The main demand of the movement was always land or housing close to working opportunities, schools and clinics. Assisted by the Cape Town-based NGO Open Democracy Advice Centre (ODAC), AbM used the law to get access to the official plans for their areas. Plans confirmed that the municipality basically aimed at the demolition of shacks and people’s relocation to the periphery. The threat of eviction mobilised even more people to support the movement.

Since their ward councillor wouldn’t resign, shack dwellers effectively started to govern themselves and gradually gained recognition by government departments. The Kennedy Road Development Committee started to issue letters confirming residence, which are needed to access social grants. AbM managed to marginalise politicians and negotiate directly with state officials about the installation of public toilets, issues of policing and disaster relief after shack fires. Clearly, this was made possible by the pressure created through mass mobilisation and skilful media work.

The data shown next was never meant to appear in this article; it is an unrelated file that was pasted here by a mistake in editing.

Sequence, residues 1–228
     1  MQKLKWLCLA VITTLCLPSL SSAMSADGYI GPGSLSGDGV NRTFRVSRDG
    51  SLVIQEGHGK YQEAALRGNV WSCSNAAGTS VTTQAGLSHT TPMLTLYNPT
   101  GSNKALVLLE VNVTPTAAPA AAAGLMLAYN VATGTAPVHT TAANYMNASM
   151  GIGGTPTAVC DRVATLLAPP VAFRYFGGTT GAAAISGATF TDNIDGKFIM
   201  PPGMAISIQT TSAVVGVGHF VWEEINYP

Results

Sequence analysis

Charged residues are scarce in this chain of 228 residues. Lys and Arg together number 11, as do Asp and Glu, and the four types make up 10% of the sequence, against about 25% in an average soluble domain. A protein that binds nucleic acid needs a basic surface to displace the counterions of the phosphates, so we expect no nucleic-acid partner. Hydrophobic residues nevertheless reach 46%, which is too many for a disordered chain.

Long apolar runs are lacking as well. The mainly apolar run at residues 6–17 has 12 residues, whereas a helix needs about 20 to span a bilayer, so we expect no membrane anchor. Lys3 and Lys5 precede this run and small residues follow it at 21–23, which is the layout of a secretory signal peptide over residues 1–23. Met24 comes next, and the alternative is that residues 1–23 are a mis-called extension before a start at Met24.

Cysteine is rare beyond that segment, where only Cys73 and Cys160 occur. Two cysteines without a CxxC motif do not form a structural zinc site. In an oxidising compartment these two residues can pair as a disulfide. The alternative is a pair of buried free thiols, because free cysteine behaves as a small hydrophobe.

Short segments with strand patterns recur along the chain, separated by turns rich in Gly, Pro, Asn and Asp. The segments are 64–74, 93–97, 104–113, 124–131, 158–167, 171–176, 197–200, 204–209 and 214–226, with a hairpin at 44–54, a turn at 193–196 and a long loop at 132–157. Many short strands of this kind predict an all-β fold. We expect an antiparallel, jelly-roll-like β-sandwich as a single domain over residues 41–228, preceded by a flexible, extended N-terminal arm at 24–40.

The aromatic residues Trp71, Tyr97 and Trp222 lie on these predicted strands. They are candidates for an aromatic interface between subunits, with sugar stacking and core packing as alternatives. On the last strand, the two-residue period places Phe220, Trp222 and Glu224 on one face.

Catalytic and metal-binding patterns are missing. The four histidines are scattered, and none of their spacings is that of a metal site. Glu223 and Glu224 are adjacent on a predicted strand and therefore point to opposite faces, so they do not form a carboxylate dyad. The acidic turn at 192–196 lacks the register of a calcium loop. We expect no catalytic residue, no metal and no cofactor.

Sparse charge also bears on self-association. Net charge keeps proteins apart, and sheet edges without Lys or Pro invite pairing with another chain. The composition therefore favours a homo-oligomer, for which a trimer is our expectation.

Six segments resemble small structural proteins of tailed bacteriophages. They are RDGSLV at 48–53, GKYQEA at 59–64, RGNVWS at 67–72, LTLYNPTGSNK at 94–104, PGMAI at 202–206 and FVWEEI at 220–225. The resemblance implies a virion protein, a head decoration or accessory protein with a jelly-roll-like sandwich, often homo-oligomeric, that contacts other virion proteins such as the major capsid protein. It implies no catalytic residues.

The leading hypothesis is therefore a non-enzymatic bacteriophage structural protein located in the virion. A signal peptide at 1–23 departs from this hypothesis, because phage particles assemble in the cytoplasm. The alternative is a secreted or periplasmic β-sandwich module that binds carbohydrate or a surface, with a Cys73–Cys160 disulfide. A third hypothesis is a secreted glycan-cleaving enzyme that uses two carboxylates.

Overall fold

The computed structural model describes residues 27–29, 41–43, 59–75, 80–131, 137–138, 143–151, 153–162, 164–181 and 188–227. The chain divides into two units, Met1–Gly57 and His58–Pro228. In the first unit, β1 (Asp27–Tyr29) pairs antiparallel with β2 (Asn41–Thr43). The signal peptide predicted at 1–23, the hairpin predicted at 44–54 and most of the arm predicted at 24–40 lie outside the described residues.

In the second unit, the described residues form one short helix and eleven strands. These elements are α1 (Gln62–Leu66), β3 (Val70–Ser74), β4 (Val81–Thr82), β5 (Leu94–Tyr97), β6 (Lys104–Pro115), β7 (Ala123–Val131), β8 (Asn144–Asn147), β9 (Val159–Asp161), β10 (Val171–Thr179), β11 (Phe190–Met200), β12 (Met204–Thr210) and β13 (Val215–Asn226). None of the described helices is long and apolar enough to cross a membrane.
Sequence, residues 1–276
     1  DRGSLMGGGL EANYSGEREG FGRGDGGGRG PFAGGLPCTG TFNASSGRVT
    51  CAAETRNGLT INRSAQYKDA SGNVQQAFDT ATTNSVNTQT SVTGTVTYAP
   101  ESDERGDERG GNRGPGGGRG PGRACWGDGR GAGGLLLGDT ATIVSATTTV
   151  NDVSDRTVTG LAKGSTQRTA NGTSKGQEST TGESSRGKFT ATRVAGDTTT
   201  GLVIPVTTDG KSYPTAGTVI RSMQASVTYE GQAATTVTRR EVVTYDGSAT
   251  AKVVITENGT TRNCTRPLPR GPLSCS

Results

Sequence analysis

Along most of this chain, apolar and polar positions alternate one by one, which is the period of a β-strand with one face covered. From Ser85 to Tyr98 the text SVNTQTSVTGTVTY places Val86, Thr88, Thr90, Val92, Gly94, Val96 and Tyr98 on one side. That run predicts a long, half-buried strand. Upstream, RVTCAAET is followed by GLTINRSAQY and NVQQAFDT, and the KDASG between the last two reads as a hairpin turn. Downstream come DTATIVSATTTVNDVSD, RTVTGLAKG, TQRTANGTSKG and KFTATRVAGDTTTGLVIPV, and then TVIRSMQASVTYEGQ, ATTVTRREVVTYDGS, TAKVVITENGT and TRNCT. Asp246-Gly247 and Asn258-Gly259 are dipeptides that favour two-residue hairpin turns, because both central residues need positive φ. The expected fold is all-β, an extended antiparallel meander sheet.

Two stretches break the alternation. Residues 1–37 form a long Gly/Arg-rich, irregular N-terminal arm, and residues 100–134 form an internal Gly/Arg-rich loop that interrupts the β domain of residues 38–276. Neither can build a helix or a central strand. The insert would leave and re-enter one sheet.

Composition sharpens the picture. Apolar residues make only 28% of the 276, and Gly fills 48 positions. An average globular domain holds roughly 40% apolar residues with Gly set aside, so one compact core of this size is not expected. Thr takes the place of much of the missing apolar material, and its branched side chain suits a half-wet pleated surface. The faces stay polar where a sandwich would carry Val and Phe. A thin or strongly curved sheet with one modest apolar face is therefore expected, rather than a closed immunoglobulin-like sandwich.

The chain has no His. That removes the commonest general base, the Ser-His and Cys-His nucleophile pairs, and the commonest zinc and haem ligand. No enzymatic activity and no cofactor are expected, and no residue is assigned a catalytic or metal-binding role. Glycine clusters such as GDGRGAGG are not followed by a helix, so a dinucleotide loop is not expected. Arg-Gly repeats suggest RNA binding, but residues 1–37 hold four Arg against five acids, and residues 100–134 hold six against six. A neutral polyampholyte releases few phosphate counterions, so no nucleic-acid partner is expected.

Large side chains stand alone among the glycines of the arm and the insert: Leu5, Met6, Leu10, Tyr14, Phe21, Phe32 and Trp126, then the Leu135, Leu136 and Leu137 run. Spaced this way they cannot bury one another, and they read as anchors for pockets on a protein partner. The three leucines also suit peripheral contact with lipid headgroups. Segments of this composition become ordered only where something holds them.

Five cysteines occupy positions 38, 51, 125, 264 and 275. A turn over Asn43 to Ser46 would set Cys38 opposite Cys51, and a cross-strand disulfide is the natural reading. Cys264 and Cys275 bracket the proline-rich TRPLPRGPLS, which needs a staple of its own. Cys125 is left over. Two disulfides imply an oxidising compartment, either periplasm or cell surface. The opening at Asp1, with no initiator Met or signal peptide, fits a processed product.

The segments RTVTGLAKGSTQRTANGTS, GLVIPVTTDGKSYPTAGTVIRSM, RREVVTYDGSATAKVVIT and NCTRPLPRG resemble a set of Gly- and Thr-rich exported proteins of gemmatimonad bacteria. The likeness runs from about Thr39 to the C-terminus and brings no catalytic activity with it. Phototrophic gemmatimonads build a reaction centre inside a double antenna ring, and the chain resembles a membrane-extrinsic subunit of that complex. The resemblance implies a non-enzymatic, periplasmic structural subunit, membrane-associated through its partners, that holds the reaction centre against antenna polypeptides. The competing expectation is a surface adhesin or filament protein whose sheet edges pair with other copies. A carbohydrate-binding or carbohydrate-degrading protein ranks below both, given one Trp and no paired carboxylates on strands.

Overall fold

Repeated arrests and police violence against the movement’s leaders, evictions and fire disasters in several shack settlements did not break its momentum. Throughout 2006 and 2007, AbM organised marches against the Ethekwini municipality, which privileged middle class housing, office and entertainment parks. Faced with shack dwellers’ determination and growing embarrassment over the fatalities caused by shack fires, the Metro started to negotiate.